Skip to content

White-on-White Mountmellick Embroidery- Guest Blogger Christina Fairley Erickson

March 17, 2022

When planning my textile tour of Ireland in 2018, I included visiting Mountmellick to see the museum of Mountmellick embroidery. This embroidery style was developed between 1825-1840 by Johanna Carter, partly as a way to assist families to have some sort of income stream in the face of the recurrent famines, as well as financial problems due to the rise of industrialization.

Mountmellick Embroidery Sideboard Cloth with morning glory, dog roses, shamrocks, clover, passion flower, fuchsia, lilies, pansies, marsh marigold, peoniew, roses, forget-me-not, pimpernel, acorns, and oak leaves.

Mrs. Carter created a new bold style, inspired by the flora along the hedges and walls of Mountmellick and the banks of the Owenass river, which was unique elements include:

  • White cotton ground fabric (typically a white satin jean) contrasting with a more matte white cotton thread
  • Floral designs from nature in a fairly large scale
  • No use of openwork (although occasional eyelets appear on a fine ground)
  • Contrasts of smooth satin stitch against padded and knotted stitches.
  • Frequently finished with either buttonhole or knitted edgings with fringes.
Detail of stylized wheat sheaf on coverlet which includes triple feather, diamond filling, cable plait, seed stitches, Indian filling, and bullion knots.

The town of Mountmellick was founded in the 17th C. by Quakers (the Society of Friends), which has led to some speculation that this embroidery style was appealing due to it being bold and elegant, but without color, which would have been considered too worldly. The embroidery was taught to girls in school, allowing them to help bring in additional income to their families. The cottage industry faltered for about a decade around 1870, but rose again in 1880 when The Industrial Association in Mountmellick was started by Mrs. Millner ”to help provide a livelihood for ’distressed Irish gentlewomen’”.*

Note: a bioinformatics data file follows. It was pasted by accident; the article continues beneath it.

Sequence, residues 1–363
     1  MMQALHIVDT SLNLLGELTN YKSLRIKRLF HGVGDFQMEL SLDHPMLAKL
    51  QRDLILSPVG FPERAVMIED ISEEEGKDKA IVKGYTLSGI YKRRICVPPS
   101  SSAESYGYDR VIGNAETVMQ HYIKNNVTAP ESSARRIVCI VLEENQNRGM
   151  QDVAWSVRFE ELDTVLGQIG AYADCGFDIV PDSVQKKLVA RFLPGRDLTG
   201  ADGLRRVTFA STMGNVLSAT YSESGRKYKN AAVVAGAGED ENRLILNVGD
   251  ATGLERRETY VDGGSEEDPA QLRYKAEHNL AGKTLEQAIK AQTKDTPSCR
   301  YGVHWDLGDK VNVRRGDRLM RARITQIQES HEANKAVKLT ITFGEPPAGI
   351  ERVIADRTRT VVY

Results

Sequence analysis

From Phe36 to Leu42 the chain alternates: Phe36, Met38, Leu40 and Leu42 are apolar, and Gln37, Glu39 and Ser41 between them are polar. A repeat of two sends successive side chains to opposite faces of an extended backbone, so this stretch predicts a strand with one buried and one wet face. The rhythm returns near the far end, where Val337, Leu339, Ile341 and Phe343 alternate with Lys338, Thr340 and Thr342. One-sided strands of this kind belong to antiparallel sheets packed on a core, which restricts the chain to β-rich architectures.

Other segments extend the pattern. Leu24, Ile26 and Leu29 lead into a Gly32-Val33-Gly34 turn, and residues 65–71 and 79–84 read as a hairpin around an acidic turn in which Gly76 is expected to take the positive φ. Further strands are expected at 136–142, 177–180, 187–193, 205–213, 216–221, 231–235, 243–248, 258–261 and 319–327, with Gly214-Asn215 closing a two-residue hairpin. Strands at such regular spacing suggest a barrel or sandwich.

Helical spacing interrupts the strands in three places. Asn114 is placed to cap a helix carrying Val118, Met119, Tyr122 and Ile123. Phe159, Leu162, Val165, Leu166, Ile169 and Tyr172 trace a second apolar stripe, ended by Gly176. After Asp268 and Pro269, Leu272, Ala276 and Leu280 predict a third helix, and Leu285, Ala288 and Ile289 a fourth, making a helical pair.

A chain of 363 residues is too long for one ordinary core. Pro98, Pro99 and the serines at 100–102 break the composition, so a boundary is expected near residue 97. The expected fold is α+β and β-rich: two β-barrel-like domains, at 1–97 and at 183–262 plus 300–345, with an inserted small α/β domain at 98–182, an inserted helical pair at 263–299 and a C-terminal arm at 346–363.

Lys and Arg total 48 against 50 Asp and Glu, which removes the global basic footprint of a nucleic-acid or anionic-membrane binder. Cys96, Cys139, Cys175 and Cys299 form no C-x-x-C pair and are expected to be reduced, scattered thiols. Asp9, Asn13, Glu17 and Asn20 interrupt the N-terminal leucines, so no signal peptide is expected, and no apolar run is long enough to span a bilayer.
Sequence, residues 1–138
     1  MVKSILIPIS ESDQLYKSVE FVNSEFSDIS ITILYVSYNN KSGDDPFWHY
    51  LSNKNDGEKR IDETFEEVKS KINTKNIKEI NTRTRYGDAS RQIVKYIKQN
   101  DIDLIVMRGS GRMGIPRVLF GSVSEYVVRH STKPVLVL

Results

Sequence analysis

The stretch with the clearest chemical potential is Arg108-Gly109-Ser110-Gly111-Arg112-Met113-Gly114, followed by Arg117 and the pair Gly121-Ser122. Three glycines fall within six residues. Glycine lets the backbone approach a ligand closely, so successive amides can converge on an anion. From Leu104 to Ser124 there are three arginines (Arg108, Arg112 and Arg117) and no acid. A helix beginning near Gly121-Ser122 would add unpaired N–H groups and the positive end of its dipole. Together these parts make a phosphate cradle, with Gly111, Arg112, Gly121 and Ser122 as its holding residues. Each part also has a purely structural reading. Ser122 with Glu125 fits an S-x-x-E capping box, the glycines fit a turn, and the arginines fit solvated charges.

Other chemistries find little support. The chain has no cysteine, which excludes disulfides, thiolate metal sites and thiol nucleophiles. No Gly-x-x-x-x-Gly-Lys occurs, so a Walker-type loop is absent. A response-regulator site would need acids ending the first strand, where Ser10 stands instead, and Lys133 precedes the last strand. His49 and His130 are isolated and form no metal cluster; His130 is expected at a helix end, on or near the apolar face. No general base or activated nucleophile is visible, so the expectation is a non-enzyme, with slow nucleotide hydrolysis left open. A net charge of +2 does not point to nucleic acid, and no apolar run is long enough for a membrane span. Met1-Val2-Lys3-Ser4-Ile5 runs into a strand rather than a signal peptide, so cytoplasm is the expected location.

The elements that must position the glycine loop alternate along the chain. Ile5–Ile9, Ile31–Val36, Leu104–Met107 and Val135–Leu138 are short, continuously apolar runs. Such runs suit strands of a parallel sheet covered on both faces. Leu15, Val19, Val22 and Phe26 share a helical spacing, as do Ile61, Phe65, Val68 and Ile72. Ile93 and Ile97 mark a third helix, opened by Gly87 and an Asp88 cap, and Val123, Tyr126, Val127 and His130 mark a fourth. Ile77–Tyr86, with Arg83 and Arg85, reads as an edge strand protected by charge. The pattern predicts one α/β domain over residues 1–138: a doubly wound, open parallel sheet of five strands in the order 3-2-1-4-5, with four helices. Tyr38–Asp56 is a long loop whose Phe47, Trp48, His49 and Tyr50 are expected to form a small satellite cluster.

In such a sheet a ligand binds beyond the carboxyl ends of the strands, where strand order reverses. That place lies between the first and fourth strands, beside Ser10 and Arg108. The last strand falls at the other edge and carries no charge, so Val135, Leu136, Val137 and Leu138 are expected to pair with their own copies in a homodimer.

Child’s dress and cape c. 1890’s. Stitches include padded satin, feather, stem, Indian filling, and French knots. Bunches of grapes decorate the skirt, cape, collar and cuffs. Though the lace trimming blends nicely with the garment, it is not typical for Mountmellick.

In the 20th C., a notable gift of Mountmellick embroidery was received by President Kennedy during his 1963 visit to Ireland. The 10 by 9 foot tablecloth for the White House was decorated with floral and shamrock designs.

Pillow Sham patterned with vines, grapes, and oak leaves. The scalloped edge is finished with indented blanket stitch with fringing added on. Stem, Indian filling, Feather, and cable plait stitches and French knots are used.
Detail of Forget-me-nots from Sideboard cloth (top picture). Stitches on this piece: Bullion and French knots, Indian filling, blanket, feather, snail trail, stem, seed, satin, and cable plait.

I’ve found two good references for Mountmellick embroidery, if you’d like to learn more or try it out. “Mountmellick Work: Irish White Embroidery” by Jane Houston-Almqvist has the history, pictures of original pieces, an extensive collection of pattern work sheets, and diagrams of 70 stitches used in this style. “Beginner’s Guide to Mountmellick Embroidery” by Pat Trott has very clear directions on 13 stitches and how to do the knitted/fringed trim, and a few patterns.

I hope you’ll enjoy the understated elegance of this embroidery style and hopefully add the Mountmellick museum to your future travel plans, if heading to Ireland! Happy St Patricks Day!
*Houston-Almqvist, p 13.

5 Comments leave one →
  1. March 17, 2022 8:20 am


  2. March 17, 2022 8:55 am

    Thanks for the review of the Mountmellick Museum and wonderful images and descriptions of this White-on-White Embroidery Technique.

  3. Bobbie Herrick permalink
    March 17, 2022 9:05 am

    Inspiring to see. Thanks for sharing the detailed pictures and descriptions! It is beautiful.

  4. Penny Peters permalink
    March 17, 2022 11:49 am

    Beautiful! White on white is lovely. Thank you for your post!

  5. Ann Darling permalink
    March 17, 2022 12:07 pm

    Interesting to read of the development of the work and to see such great examples. Thanks for sharing.

Leave a Reply

Fill in your details below or click an icon to log in: Logo

You are commenting using your account. Log Out /  Change )

Facebook photo

You are commenting using your Facebook account. Log Out /  Change )

Connecting to %s

%d bloggers like this: